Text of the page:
Off Broadway Reviews
Harris's effort does appear to have more on its mind: race, of course, and exploitation, and capitalism, and the military-industrial complex. But what Tambo & Bones more closely resembles, at least in the first of its three parts, is Waiting for Godot. Tambo (W. Tré Davis), a clown, enters Stephanie Osin Cohen's picture-book set, a cheerfully fake pasturage with a cheerfully fake sun suspended above it, and begins begging for loose change. (There's a lot of audience participation in this one: If you're not into responding to "Make some noise!" exhortations, or waving your arms in the air, or being hectored for applause, you'd best stay home.) He's then about to enjoy an afternoon nap when Bones (Tyler Fauntleroy) interrupts his reverie. They indulge in some existential chitchat before launching into an extended, no, very extended riff on pulling quarters out of the audience's pockets. It's a sort of comedy sketch, closer to vaudeville than minstrelsy, and it segues into a display of physical dexterity, with Bones pulling out a knife and amusing us with a game of Five Finger Fillet (to win quarters). Then it progresses into Tambo's "brief treatise on race in America," which is pretty much as advertised, with liberal doses of the n-word. (Over the 90 minutes, this word is uttered 129 timesI pulled up the script and countedand the f-word isn't far behind.)
Then there's a large dose of meta, with the two realizing they're in a minstrel show, extracting a large Muppet-like dummy out of the auditorium meant to represent the playwright, and tearing him to pieces. Bones relates a heartrending story about his childhood that turns out to not be true, the two muse on how to lure dollars instead of quarters out of the audience, and that's the end of Part 1.
And then something imaginative and surprising happens. It's best not to reveal too much about it, but let's say that Harris concocts a scenario of the future in which Tambo and Bones are remembered as heroes, and two historians, played by these same two actors, are recounting their noble centuries-old exploits. To reenact these exploits, they bring on two more actors, Dean Linnard and Brendan Dalton. The less said about who or what they're playing, the better. But they're wonderful, exhibiting isolated movements that can't be easy and are, in context, hilarious.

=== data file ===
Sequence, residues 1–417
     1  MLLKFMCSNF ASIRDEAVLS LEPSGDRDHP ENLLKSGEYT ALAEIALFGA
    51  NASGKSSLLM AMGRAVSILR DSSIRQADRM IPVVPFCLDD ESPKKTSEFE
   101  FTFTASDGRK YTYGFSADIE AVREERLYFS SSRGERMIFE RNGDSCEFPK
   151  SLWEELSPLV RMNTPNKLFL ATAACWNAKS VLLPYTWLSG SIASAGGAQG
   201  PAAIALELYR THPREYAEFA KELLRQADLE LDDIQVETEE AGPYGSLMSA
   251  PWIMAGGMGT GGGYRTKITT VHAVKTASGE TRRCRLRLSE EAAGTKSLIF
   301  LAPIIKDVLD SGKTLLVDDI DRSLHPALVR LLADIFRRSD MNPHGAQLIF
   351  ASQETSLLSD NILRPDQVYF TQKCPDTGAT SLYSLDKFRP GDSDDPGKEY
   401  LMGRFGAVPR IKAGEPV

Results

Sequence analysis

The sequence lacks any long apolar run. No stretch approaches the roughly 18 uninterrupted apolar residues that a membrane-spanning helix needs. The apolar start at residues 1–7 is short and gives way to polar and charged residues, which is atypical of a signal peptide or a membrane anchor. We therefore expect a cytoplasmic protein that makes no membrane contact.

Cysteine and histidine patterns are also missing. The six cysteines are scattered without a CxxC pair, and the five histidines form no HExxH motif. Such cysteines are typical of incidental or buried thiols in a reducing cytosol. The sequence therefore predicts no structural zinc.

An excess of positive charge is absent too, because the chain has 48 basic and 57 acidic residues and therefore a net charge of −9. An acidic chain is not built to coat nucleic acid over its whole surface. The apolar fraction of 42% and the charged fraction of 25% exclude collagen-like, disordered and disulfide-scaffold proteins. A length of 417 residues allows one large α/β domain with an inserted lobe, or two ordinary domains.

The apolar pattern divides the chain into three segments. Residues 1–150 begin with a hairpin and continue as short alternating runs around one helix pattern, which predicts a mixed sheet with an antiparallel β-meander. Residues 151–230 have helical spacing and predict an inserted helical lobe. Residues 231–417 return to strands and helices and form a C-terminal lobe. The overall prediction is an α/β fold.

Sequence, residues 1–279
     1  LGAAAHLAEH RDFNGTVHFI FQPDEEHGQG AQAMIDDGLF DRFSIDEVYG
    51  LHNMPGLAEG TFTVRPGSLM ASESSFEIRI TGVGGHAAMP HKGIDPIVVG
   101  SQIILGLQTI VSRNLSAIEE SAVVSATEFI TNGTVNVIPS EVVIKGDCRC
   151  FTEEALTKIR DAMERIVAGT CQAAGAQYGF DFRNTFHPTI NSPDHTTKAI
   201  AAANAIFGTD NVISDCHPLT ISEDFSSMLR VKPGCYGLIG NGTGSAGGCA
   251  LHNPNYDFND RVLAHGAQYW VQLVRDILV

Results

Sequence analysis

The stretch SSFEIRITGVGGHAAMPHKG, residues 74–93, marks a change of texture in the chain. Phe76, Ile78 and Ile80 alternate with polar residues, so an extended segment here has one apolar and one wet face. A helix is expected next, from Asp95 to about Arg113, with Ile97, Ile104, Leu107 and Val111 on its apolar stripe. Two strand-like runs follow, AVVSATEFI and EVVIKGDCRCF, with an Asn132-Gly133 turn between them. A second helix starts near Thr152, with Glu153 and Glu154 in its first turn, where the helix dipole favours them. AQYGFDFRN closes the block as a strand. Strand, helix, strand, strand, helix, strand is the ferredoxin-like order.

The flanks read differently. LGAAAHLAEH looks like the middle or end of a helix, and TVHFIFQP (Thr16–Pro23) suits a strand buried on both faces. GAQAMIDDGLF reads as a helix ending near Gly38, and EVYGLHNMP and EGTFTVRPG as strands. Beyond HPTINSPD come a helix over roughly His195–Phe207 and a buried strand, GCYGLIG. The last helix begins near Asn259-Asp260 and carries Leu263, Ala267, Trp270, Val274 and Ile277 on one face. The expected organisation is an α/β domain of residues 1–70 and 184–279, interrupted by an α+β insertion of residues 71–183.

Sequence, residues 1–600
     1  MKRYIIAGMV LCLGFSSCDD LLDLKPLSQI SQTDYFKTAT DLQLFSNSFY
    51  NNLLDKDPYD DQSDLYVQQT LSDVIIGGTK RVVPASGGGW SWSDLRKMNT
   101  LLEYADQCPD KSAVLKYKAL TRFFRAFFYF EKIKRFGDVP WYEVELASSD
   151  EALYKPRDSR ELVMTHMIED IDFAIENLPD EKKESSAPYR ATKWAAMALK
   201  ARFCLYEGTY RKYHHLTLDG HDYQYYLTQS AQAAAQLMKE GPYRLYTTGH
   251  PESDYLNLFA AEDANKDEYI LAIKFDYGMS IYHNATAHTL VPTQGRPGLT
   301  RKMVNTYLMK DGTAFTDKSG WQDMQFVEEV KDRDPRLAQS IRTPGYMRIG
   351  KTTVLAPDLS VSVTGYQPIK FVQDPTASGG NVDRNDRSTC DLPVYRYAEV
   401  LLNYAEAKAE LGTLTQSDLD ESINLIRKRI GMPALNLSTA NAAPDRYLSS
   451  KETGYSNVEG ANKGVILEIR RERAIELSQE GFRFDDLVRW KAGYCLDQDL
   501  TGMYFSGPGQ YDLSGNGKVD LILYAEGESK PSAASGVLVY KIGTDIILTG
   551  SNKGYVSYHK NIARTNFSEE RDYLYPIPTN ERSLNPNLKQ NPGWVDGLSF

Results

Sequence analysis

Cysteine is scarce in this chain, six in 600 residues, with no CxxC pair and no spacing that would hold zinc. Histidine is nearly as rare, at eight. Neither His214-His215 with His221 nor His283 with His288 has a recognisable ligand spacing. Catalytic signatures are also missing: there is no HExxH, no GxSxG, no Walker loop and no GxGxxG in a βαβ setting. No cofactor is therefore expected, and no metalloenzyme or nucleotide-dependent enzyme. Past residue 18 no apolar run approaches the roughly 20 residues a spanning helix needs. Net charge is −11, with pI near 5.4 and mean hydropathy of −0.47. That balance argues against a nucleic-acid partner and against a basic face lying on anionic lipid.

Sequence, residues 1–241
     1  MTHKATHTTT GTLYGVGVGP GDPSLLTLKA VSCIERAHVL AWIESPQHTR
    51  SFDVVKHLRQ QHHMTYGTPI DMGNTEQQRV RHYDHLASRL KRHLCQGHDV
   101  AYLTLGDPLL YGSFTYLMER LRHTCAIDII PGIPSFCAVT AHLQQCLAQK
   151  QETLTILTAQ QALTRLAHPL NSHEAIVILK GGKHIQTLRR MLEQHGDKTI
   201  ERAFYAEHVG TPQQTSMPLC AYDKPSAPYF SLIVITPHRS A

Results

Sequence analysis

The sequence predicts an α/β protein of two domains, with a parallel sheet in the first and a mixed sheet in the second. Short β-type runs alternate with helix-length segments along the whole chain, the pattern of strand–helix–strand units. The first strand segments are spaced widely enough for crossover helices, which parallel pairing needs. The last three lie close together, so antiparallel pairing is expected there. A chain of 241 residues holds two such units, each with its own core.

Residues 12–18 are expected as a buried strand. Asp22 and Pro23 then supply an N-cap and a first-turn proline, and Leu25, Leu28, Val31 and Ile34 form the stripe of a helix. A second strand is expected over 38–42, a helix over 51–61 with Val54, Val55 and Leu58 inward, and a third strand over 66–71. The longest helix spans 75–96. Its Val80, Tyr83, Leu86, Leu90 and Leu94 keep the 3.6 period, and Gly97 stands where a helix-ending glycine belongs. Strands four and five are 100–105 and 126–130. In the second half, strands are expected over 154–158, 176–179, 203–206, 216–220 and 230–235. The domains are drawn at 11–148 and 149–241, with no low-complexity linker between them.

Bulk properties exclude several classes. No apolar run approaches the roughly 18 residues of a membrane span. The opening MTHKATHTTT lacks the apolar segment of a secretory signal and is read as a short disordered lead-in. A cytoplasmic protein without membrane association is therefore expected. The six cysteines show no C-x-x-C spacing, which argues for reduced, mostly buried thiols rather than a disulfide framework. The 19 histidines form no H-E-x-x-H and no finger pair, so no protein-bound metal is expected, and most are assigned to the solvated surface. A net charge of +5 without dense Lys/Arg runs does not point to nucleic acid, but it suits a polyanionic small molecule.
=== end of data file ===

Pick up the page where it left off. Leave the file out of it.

Davis and Fauntleroy: These are difficult performances to assess. They're talented, but Tambo and Bones aren't very distinct characters, and the two haven't much to play beyond anger and outrage, while devoting so much energy to spitting out Harris's voluminous text that subtlety and depth just aren't going to happen. It's a loud evening, with Mikhail Fiksel's sound dialed up to 11, and unless you're expert at deciphering rap lyrics on first hearing, much of Part 2 will be lost on you.
The lighting, by Amith Chandrashaker and Mextly Couzin, is also loud, and Dominique Fawn Hill's costumes tend to disappear amid such busy sets and lights. Taylor Reynolds directs for boisterousness, with the protagonists given to exuberant, exaggerated body languagemaybe an evocation of the minstrel tradition, or maybe just busyness.
In short, I found about three-quarters of Tambo & Bones unendurable, save for a few funny lines, and then came a rather brilliant finale that impelled me to forgive some of what preceded it. Harris has plenty of legitimate gripes about social injustice to unpack, but there are a great number of plays about race out there right now. And while it's high time more of these voices were heard, you have to wonder if the market isn't being over-saturated, and audiences won't be able to cope with the sheer volume, and the well-intentioned companies producing these plays won't be subverting their cause. Tambo & Bones, let's say, isn't among the more compelling of them. But the trapped-in-a-preposterous-entertainment motif is still pretty intriguing. Maybe somebody ought to revive Smith?
Tambo & Bones